For my husband and I, brew day is an entertaining combination of teamwork and social activity. Our friends, however, might be even more amused watching my husband and I work through the challenges that come when two first-borns who’ve had a beer or two want to complete a technical project together.
Here’s how it usually goes: We agree on a beer style and a date. Certain special friends are invited to come hang out, drink beer, and observe the process. I procure a recipe or create my own and a few days before the appointed time, my husband and I go shopping at the local supply store, which doubles as a tasting room and therefore makes for a nice date night.
When b-day (brew day) arrives, my husband gets all the equipment out of the garage, brings it into the kitchen, and we see which hoses need to be replaced and what needs cleaning. This is when we usually scratch our heads a bit trying to get our ducks in a row because it’s been a few months. Out come the lists and timelines I thoughtfully saved in Evernote from the previous b-day. Then there’s the inevitable last minute trip back to the supply store or to Home Depot for some small part that’s gone missing.
Early on in our brewing adventures we experimented with mixing up special water profiles, using some of our well water mixed with RO to get just the right pH, but that never made enough of a difference in the final taste to justify. Straight well water reduces arguments and has produced some pretty tasty beers along the way.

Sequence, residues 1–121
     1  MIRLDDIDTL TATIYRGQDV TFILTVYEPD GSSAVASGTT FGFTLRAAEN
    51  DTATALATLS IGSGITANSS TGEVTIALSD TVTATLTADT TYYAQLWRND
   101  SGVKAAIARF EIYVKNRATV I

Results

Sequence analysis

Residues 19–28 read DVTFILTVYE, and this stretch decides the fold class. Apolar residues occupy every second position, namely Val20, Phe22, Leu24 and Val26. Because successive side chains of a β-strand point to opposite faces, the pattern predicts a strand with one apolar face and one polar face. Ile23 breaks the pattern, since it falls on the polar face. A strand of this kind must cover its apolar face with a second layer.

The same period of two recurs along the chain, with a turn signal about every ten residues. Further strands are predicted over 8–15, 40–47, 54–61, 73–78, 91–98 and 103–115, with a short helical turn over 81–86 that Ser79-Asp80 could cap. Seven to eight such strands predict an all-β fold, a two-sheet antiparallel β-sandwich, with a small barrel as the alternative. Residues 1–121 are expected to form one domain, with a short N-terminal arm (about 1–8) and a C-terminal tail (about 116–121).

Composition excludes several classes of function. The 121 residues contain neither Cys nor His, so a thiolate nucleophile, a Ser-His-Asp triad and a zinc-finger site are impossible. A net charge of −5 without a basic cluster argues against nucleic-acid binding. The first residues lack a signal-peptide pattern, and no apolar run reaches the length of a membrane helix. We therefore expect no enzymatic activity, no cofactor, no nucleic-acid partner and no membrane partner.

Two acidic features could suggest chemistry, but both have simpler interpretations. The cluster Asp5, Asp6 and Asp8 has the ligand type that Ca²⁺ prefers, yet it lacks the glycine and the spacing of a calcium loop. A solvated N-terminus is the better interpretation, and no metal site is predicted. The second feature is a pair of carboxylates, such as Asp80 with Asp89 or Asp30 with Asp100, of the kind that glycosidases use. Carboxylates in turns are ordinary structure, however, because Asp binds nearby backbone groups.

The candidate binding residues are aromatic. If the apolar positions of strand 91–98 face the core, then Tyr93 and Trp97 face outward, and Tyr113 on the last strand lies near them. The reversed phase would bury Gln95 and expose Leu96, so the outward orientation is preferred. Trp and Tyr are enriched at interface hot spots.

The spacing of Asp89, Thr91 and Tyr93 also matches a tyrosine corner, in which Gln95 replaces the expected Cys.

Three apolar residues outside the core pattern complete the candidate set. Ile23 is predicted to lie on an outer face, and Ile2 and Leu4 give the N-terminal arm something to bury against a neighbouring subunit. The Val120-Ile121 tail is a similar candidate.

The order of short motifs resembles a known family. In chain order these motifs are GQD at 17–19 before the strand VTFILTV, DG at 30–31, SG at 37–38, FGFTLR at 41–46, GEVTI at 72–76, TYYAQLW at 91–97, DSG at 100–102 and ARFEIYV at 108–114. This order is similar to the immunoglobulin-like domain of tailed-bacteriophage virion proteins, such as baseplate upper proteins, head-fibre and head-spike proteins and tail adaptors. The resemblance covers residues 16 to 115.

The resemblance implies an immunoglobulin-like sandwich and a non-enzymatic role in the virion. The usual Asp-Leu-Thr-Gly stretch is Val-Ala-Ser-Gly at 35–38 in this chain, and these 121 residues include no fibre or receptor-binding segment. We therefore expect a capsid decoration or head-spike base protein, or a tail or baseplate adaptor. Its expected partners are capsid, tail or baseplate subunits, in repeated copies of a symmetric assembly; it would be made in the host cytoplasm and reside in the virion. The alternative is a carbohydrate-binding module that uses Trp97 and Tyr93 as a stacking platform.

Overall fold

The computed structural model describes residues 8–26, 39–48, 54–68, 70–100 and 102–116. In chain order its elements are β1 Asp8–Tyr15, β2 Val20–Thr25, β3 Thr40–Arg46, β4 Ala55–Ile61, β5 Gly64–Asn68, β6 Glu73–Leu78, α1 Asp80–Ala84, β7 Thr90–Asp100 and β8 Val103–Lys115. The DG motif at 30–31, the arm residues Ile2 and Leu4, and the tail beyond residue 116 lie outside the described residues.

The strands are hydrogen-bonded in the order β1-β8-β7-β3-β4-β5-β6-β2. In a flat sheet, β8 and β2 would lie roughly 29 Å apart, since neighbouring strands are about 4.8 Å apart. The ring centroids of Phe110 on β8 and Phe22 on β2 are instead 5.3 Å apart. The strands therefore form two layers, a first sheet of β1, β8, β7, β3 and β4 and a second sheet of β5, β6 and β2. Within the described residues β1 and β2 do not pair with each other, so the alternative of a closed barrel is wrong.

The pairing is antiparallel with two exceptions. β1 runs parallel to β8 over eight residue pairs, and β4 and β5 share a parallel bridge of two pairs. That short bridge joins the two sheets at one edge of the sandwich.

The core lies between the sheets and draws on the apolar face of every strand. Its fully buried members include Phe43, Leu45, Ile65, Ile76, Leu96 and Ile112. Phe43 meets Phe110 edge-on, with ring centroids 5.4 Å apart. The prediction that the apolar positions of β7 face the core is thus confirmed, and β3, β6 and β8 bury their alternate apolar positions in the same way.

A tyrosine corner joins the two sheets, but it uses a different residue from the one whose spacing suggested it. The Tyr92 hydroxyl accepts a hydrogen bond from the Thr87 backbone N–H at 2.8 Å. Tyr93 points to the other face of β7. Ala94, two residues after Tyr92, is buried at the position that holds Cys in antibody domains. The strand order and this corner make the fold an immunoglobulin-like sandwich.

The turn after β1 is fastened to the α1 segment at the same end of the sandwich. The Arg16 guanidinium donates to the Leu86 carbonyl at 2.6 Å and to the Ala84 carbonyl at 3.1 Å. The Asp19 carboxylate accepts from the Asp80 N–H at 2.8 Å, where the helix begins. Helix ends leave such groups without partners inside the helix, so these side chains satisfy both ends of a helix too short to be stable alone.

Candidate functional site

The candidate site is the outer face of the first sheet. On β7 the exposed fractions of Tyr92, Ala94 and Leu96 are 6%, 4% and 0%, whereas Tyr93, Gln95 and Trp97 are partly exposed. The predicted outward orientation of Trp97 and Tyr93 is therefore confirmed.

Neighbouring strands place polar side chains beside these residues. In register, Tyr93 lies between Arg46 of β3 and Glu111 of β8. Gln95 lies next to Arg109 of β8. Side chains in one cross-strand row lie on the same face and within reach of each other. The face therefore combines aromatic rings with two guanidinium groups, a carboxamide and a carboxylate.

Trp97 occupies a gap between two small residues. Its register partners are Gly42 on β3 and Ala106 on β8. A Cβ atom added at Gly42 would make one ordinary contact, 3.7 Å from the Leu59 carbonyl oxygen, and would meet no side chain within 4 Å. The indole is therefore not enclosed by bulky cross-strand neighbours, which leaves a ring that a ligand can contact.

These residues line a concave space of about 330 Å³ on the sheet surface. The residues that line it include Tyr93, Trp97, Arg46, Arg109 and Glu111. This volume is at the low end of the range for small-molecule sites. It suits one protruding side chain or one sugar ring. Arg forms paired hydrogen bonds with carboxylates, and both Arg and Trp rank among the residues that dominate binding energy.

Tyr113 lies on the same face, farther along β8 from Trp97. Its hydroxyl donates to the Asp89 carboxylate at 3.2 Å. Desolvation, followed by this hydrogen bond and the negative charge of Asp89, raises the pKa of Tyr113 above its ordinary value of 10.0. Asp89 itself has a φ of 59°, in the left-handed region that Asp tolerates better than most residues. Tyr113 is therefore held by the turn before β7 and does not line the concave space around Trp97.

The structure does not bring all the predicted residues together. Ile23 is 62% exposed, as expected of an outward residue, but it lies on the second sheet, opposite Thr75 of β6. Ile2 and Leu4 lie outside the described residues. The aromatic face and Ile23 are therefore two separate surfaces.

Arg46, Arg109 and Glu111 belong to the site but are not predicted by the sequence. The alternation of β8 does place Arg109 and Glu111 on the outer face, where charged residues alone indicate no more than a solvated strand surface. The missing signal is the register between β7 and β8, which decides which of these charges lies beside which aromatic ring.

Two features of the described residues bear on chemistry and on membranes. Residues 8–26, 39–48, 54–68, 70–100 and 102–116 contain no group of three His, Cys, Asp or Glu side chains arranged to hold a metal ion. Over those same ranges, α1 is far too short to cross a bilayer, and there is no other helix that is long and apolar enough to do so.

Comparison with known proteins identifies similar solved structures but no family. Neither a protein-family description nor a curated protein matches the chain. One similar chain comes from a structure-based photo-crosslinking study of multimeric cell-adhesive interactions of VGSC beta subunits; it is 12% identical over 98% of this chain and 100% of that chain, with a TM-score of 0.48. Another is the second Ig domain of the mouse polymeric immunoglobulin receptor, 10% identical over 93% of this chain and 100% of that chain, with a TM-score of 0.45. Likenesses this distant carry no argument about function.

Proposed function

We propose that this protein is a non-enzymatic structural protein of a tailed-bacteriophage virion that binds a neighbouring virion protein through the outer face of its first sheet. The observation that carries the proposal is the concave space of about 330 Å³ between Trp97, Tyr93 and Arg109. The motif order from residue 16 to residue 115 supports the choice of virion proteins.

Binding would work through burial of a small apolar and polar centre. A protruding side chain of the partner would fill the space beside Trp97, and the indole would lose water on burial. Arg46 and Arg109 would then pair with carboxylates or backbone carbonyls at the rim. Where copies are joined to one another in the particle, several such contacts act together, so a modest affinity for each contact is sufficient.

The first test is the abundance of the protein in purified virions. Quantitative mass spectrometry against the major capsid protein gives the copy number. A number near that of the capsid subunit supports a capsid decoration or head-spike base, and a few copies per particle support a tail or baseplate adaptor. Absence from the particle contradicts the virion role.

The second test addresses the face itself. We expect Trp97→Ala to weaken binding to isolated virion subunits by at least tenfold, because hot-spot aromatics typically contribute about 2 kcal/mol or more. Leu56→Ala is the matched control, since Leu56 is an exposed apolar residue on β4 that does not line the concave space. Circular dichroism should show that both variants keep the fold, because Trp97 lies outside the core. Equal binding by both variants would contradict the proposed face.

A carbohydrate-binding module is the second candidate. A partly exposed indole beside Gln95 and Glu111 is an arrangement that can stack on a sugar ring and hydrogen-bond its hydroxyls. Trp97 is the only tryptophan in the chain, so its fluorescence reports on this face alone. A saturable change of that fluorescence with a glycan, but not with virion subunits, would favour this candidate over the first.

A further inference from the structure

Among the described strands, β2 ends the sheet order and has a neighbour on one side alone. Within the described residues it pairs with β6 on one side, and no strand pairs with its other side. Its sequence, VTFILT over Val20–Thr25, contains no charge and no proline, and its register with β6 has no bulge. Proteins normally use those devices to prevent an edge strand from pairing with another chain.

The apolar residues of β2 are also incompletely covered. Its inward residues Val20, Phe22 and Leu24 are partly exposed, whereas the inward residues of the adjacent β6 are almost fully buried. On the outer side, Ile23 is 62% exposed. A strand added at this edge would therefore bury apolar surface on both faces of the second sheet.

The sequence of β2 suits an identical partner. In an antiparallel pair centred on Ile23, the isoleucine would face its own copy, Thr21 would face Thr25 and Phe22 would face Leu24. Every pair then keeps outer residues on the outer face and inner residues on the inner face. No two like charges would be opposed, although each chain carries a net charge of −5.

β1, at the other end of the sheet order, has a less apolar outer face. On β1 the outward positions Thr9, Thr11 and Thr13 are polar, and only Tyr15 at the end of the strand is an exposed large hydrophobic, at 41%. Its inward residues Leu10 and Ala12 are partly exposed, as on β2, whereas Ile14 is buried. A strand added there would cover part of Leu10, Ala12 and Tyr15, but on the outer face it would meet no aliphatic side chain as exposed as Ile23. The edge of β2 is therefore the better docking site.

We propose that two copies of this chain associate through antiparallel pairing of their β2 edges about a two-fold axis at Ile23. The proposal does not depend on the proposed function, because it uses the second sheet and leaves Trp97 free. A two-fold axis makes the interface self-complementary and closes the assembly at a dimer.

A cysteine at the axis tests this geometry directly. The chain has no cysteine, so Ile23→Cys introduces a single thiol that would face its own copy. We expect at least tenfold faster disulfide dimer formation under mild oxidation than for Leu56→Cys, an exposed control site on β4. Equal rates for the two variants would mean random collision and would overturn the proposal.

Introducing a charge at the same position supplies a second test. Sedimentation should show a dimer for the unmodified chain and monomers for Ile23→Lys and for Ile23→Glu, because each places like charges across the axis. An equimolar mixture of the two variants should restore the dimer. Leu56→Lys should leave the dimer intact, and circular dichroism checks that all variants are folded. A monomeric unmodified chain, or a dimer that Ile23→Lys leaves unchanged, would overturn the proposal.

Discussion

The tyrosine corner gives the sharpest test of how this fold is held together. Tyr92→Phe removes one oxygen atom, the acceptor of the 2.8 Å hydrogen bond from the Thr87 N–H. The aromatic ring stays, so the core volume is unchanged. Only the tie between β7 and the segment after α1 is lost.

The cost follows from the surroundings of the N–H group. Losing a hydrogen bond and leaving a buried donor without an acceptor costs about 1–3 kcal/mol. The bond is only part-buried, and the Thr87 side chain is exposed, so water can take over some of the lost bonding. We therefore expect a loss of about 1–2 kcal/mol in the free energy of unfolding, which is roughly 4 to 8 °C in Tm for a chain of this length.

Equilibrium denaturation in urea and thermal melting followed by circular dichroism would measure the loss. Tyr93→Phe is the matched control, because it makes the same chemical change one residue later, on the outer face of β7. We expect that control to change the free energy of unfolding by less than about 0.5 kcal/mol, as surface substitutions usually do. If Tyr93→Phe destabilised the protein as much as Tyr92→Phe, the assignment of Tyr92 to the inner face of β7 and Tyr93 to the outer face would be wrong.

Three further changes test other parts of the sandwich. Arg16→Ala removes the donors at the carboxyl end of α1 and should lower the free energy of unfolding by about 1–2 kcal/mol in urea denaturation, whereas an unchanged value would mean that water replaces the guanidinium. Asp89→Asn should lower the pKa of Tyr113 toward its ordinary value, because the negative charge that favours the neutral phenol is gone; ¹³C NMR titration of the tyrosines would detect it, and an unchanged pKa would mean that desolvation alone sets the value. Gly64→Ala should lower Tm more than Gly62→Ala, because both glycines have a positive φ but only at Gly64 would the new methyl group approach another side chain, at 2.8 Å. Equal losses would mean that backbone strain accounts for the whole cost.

Once the water is sorted out and measured, the table is laid out with hops, stirring spoons, and Irish moss. The mash tun is set near the burner with the big stainless kettle ready to go. Our friends arrive to witness the witty husband and wife repartee and roll their eyes at the comedic tension that ensues. “The spray bottle, THE SPRAY BOTTLE!! Now! Boiling over, hurry! Stir it! 30 seconds, now pay attention. A WHAT fell into the pot? Shut up! You’re scaring my friends!”
One batch we secretly named Old Shriveled Anole when it was discovered a moment too late that a little lizard had taken up residence in the copper coils of our chiller. The little guy tried to escape but met an untimely end in the boiling wort. I discreetly picked it out before our guests noticed. At least I hope they didn’t notice, but someone may have picked up on the shocked and disgusted looks on our faces. Still, if they did, they didn’t say anything about it and everyone, including us, certainly enjoyed the beer a couple months later.
It’s anti-climatic when all the clamor of the last few minutes of the boil is over, wort is chilled, the bucket lid is secured, and it’s clean up time. The guests slowly file out and before you know it, husband and I are alone with a sticky pot and hoses to clean. In those moments our glances at each other show the satisfaction of a job well done. Somehow, we grow closer through the shared bond of knowing that we made the magic happen again, and we still like each other.
You could say that for us, brew day is a test of the husband and wife relationship. And you might be right. But we like to see it as more of a semi-public display of the complicated but beautiful dance that results after 25 years of marriage, 2 pints of beer, 4 kinds of hops, and the capricious nature of wort and lizards.